Wednesday, August 5, 2015

Trials and Joys of Drafting By Hand

Today, the spotlight is on author Misha Gericke and her newest novels. She's stopped by to tell us about...Well, I don't want give it away. It's impressive. Keep reading and find out for yourselves...

Take it away, Misha!!



The Trials and Joys of Drafting by Hand


It’s actually rather strange. Every time someone asks me about my writing method, I have to casually mention the fact that I rough draft every single novel by hand. And people freak out.

The first time I did it, my mom kept saying that she didn’t think it was wise, because I’d never be able to write any substantial amount of words by hand. At that time, I was well over 40k words in.

People don’t believe when I rattle off my word counts either. They always think I over-estimate. I don’t. In fact, I only estimate how many words I’ve written when I’m doing sprints, and I don’t want to take the time to count exactly how much I’ve written.

But count my words I do. Every single day.

So today, I thought I’d answer some frequently asked questions. Starting with…

Why?

Easy. I have a problem with being too perfectionistic with my drafts. Which means that if I type on a computer, I’m always tempted to delete something I’ve just written in order to “improve” it. I’m putting “improve” in quotes, because my off-the-cuff improvements in-draft never improve on what I’ve written. In fact, after switching to pen, I realized that a lot of stuff I would have been tempted to take out because I haven’t planned for them, turned out to actually make the story work.

Doesn’t it make your hand hurt?

A little, if I haven’t hand-drafted in a while. (Usually because of edits and rewrites.) I minimized the pain by investing in a fountain pen I only use for drafting and writing (occasionally) story notes.

But… doesn’t it mean you have to rewrite all your drafts?

Yes. All of them. And you know what? It’s awesome, because I rewrite knowing what I want, which means that I can type an average story out in about six weeks at the most. If I’m not distracted by other projects that need to be done. This also gives me a much cleaner draft to edit.

Doesn’t it impact your writing speed?

Yes, it does. I type approximately four times as fast as I write by hand. I like this, though, because it feels like I’m lingering over my words more as I write. In turn, this gives my mind the ability to see more implications of what I’ve written.

You hand write for NaNo too? Yeah, right.

Actually, I absolutely do. My record is 50k words in a bit more than three weeks. Outside NaNo, my word counts lie somewhere between 15k and 30k. More if I’m typing rewrites at the same time.

Do you always win NaNo?

No, but usually, what stops me is not related to my writing by hand. (Such as my day-job going crazy and taking all of my writing time.)

Aren’t you worried that someone will just open your notebook and read what you’ve written?

Not with my handwriting, apparently. I read it fine, but I’ve given my drafts to friends, and their eyes all screw up within five pages. So I figure I’m safe.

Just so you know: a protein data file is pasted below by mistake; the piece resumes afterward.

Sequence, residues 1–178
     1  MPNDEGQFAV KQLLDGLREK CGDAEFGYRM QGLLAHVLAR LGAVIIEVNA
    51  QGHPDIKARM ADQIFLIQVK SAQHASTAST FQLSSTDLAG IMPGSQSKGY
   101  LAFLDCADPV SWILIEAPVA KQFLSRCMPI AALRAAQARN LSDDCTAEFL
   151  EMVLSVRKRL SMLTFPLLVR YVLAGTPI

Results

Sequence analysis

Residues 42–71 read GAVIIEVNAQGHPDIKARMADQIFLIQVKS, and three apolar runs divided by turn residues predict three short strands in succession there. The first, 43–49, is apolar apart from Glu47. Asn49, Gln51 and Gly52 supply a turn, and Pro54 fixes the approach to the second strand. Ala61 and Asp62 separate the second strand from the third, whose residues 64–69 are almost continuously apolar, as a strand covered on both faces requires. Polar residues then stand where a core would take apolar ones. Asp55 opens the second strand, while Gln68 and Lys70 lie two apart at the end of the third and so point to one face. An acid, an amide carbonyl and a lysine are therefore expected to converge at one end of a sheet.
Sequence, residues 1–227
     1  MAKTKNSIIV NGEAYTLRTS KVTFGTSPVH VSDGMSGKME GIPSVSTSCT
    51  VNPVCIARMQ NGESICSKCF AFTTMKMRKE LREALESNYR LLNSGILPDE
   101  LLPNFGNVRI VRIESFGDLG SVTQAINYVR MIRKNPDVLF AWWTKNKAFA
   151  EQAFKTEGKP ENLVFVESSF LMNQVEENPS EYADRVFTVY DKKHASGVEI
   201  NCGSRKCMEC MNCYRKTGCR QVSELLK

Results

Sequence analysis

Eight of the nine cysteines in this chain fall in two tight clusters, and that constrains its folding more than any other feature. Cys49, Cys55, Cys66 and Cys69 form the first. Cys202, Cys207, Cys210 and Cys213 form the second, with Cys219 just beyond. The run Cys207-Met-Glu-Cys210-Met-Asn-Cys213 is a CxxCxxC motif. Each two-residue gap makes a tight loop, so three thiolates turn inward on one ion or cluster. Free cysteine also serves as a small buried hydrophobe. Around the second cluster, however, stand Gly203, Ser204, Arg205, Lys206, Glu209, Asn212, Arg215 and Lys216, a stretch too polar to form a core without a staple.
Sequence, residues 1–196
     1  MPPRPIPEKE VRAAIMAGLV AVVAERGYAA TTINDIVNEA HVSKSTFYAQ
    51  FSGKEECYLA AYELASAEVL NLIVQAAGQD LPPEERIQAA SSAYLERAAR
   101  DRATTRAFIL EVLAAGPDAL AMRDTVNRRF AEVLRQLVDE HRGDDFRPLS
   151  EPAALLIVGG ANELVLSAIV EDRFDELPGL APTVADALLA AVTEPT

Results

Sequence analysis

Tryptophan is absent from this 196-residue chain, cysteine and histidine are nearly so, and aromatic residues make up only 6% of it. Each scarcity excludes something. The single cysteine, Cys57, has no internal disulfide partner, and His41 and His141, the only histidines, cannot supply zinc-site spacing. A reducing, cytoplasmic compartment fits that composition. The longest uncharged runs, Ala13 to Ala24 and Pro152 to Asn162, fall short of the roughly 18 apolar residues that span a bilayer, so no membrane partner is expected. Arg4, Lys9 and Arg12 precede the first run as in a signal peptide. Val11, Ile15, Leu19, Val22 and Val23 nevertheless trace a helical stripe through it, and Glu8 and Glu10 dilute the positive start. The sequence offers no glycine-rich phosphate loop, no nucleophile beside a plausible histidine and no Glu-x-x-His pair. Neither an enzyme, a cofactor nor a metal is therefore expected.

Any more questions? ;-)


The Vanished Knight



The entity living inside Callan’s soul orphaned her at age eleven. By the time she’s sixteen, it’s ensured her being shunted from one foster family to another.


Her thirteenth foster assignment should be routine. Except... it's not. A psycho in medieval armor kidnaps her and she ends up in a magical world. There, she accidentally discovers a secret her parents had kept until the day they died.


Both actually came from this magical world, but left before Callan was born. To cover their tracks, they’d lied about everything. Even who they really were.


Driven to find out where she comes from, Callan’s trapped in a race for life and death. Walking away isn’t an option, but if she stays too long, the entity will find its next victim.


In this world where secrets are sacrosanct and grudges are remembered, finding the truth will be near impossible. Especially when Callan has her own homicidal little secret to deal with.


One with a taste for destroying her life.



The Heir’s Choice



After discovering her parents had kept a whole world secret, Callan races to discover her past. Not easy to do with an increasingly agitated entity living in her soul.


Going to her long-lost elvish roots should answer all her questions. Instead, she ends up in the middle of a nightmare.


The elves are on the verge of an apocalyptic war. Their enemy, King Aurek of Icaimerith, will only be appeased if Callan marries his heir. It’s either her life getting messed up, or an entire country’s lives lost. Simple enough, right?


Wrong.


Because when the entity wants the elves blotted out of existence, saving them gets taken to a whole new level of complicated.



Bio


Misha Gerrick has been creating stories long before she could write and is currently going after her dream of making a living as a writer.


If you’d like to see how that’s going, you can visit her on her blog (http://Sylmion.blogspot.com), where she also discusses all things related to writing and publishing.


Or, if you’d just like to know what she’s reading and get updates on what she’ll be publishing next (Sorry, no newsletter just yet.):


You can follow her Tumblr (http://mishagerrick.tumblr.com)
You can follow her on Twitter: @MGerrick1
And you can circle her on Google Plus: +MGerrick



54 comments:

  1. Wow! I never hand write anything but this makes me feel like I should. I'm always over-analyzing and editing half of what I write as I go when I type.